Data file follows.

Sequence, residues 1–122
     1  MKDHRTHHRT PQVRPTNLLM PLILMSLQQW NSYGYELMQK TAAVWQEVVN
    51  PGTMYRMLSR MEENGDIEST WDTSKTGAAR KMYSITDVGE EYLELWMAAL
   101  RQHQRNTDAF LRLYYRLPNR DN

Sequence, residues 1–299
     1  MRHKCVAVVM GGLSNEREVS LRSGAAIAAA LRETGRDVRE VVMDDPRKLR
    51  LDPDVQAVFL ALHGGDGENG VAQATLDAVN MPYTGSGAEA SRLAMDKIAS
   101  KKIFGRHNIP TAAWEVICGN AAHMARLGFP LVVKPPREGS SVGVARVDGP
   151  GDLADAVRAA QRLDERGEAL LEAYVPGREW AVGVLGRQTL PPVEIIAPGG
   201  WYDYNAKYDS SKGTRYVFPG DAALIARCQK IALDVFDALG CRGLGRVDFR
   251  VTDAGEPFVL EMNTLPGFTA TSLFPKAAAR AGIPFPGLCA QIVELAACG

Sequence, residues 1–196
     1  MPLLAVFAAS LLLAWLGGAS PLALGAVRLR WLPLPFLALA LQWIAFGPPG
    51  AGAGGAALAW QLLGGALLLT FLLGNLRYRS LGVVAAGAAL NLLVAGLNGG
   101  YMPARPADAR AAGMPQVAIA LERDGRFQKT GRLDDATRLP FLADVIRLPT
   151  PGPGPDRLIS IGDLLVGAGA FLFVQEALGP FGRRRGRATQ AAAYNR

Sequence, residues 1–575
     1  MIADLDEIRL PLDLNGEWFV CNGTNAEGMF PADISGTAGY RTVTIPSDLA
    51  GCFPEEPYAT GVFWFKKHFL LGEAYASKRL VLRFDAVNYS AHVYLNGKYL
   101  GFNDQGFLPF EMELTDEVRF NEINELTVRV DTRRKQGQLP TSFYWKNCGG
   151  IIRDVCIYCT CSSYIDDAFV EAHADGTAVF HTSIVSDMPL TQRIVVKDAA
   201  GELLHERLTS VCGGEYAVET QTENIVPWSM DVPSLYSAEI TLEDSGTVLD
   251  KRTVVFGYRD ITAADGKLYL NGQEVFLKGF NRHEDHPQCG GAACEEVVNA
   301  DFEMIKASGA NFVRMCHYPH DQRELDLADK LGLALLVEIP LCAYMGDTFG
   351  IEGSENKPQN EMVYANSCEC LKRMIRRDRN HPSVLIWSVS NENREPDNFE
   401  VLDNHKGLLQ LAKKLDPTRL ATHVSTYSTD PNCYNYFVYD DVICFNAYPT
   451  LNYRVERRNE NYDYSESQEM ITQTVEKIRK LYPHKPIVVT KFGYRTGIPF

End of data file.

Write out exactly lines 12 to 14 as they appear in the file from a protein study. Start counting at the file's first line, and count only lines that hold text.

Sequence, residues 1–196
     1  MPLLAVFAAS LLLAWLGGAS PLALGAVRLR WLPLPFLALA LQWIAFGPPG
    51  AGAGGAALAW QLLGGALLLT FLLGNLRYRS LGVVAAGAAL NLLVAGLNGG